International acrobat extraordinaire, Julie Cameron, shares her tips for walking the tightrope of fitness and indulgence this Christmas.
Acrobat or no, we’re all familiar with the daring tightrope act of trying to remain fit during the Christmas season. Between celebratory tipples, communal feasts and summer getaways, it can be difficult to find time for exercise.
Internationally renowned acrobat and founder of Couture Air, Julie Cameron, knows better than most what it’s like to stay fit amid an absence of routine. As a former Cirque du Soleil performer, the behind-the-scenes aspect of her performances involved maintaining a high level of athleticism while on the road.
We sat down with Julie to get her professional tips for staying fit and healthy during the silly season.
Can you describe an average day in the life of an acrobat?
Balancing on one arm on a giant revolving mirror ball or hanging 42 feet high on one leg is a pretty normal state for an acrobat. The art of what we do is making it look easy. But, like everyone, we have days where everything seems like an uphill battle. The life of an acrobat on tour with Cirque du Soleil, performing the same show and act 10 times a week, is very different to the life of a freelancer. In order to maintain high-calibre performances at least five days a week involves extensive stretching for contortion and aesthetic, climbing the aerial silks to maintain strength, and doing handstands to maintain balance.
Does this routine change much over the Christmas period?
The holiday season for us can be the busiest time of the year. While most are slowing down, we tend to be quite busy with lots of shows around Christmas and New Year. It’s always nice when you see the hard work done in the preparations pay off.
How do you keep fit in the off-season?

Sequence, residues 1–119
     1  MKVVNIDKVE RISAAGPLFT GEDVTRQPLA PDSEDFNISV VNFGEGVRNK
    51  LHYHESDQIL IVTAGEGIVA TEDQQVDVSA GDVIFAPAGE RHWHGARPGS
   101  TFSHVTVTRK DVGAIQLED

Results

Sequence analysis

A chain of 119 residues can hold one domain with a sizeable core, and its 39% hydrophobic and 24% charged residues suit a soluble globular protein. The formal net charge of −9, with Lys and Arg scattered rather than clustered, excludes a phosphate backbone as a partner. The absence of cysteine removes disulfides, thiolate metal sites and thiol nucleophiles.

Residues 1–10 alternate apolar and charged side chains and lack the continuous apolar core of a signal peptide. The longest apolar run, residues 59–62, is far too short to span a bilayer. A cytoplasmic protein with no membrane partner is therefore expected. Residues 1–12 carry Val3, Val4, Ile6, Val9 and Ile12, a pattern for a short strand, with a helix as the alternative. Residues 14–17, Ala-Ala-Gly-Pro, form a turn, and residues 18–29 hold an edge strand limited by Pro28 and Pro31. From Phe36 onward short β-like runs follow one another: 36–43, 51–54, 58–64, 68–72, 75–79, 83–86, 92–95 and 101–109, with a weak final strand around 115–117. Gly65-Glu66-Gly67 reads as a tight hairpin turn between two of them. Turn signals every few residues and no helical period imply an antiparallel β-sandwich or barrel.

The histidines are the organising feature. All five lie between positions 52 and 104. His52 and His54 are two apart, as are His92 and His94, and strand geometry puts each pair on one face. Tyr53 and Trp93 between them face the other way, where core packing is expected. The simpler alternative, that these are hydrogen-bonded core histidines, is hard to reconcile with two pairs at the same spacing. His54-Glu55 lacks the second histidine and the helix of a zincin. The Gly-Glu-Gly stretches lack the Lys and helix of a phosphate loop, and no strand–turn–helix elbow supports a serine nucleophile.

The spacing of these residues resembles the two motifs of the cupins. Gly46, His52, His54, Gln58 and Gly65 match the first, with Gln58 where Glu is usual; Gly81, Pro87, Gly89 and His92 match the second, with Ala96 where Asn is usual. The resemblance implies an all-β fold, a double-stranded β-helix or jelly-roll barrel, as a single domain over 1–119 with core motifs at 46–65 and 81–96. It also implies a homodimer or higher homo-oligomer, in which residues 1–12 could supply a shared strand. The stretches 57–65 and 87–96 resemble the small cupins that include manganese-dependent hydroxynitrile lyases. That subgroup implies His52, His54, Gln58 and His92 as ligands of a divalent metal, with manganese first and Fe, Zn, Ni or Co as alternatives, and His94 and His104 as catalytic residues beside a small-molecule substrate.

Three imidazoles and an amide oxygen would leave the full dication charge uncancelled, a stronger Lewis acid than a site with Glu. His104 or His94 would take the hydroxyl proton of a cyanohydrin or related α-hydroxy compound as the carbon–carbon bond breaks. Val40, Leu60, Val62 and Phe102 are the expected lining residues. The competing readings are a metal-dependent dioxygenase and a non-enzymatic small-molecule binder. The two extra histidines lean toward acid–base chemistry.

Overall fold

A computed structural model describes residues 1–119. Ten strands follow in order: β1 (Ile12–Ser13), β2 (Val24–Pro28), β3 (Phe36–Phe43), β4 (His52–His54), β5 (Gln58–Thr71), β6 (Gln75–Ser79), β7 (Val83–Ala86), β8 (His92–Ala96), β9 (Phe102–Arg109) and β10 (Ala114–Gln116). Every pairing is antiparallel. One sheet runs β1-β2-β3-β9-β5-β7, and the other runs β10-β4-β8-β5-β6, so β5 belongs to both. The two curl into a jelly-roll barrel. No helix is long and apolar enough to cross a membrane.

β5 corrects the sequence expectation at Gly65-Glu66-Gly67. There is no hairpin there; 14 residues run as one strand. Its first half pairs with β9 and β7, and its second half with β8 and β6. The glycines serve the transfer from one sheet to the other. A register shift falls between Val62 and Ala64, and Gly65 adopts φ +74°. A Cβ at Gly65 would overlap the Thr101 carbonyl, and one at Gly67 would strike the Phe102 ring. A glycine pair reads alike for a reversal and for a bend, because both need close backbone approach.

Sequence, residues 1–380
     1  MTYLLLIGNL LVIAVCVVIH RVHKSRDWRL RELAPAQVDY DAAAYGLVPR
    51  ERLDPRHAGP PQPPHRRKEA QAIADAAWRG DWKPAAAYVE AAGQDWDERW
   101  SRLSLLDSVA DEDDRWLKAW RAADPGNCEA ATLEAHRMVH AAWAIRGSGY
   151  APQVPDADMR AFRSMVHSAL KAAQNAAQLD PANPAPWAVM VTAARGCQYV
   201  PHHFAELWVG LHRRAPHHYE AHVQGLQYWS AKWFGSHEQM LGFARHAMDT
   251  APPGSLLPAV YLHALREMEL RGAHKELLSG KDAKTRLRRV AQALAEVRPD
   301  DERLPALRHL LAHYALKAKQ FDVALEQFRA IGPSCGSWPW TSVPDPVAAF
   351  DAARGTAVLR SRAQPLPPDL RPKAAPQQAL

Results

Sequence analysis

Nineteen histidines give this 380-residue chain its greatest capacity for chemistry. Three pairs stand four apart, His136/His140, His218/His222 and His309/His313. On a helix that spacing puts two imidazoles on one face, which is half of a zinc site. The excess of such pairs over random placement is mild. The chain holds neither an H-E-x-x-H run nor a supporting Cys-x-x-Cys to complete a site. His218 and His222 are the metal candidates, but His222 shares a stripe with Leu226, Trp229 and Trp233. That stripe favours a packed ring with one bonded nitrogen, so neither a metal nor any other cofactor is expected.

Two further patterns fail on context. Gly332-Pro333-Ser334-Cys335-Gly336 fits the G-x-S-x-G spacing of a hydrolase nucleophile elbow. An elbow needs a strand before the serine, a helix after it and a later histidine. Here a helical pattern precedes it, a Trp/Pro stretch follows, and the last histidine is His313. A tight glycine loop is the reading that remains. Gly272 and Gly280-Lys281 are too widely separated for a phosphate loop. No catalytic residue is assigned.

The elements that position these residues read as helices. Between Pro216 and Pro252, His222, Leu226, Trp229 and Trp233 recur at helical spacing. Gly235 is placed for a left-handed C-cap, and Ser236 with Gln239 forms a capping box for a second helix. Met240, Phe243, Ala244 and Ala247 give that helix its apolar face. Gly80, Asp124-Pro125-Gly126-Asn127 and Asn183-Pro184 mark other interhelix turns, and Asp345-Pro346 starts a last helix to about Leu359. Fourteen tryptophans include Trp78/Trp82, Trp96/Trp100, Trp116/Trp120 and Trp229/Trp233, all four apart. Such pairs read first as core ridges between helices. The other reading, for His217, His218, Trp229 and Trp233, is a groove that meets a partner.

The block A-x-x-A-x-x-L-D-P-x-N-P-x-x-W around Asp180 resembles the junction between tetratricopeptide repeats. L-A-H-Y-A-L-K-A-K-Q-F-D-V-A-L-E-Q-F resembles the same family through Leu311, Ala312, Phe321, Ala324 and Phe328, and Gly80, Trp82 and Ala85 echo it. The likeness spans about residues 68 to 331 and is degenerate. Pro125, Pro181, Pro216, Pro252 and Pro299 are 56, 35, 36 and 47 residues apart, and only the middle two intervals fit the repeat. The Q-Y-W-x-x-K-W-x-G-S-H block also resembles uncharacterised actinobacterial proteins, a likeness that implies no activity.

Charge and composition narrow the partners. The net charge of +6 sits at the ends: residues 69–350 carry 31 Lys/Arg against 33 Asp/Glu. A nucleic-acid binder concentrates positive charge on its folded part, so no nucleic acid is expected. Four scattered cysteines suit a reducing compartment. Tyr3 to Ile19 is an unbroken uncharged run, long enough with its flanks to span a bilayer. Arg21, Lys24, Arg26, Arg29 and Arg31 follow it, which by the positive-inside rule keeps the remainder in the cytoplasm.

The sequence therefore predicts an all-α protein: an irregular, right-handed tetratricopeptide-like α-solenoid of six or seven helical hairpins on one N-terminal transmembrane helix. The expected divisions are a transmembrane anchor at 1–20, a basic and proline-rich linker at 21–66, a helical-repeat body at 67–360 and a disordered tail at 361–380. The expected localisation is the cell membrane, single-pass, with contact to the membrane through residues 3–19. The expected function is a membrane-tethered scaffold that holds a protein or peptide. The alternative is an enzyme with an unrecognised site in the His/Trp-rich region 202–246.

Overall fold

Our off-season is around July. It’s a good time to check in with our body and really focus on technique. After working hard all year it’s also important to have a break. Mental strength and courage are so important when performing high in the air, sometimes we don’t realise how important rest is.
What are some tips for staying fit when you are time-poor?
I try to exercise first thing in the morning to get it out of the way. I try not to overcomplicate it. It’s helpful to have a plan and to keep it simple so you don’t waste time. With the warm weather, I take up the opportunity to have a quick jump in the ocean at least three times a week. Planning meals ahead is a big one for me as I would eat chocolate breakfast, lunch and dinner if I could. It’s so hard when there are so many yummy chocolates at this time of year. Over-indulging should be forgiven!
Do you have any advice for staying healthy while away from home?
While on holiday, I realised that my body can cope with a few weeks off from doing physical exercise, but I didn’t realise how fundamental stretching is. Finding time to stretch is key! I also try to find a nice spa with a sauna to have a good sweat. Getting rid of toxins always feels great. While on the road I struggled with acne. A good skin routine while travelling is important, and stay away from dairy if you can.
Are there any fitness apps or resources you use?
Yoga has been part of my life for the last five years. My husband and I used to own a few yoga studios in the eastern suburbs. It is so great mentally and physically. I love vinyasa yoga as you have the chance to achieve so much in one class. The class starts slow and builds up to a peak pose, working the entire body. There are so many online platforms now. As a yoga teacher I loved the classes on Glo.
Another satisfying fitness resource is being able to know your heart rate and the distance travelled while exercising. I love the Apple Watch that my parents gifted me. It’s a great Christmas gift idea and can help you set new healthy goals for 2021.
As an acrobat, is there any other health or fitness advice you can share?
Be kind to yourself. We all have our ups and downs. Even as finely tuned acrobats we still have our off days. Our bodies change throughout the year, too, and this can be hard when we rely on our body for work – but we are humans, not robots. Being healthy is about balance; it’s about your whole wellbeing, not just the physical aspect.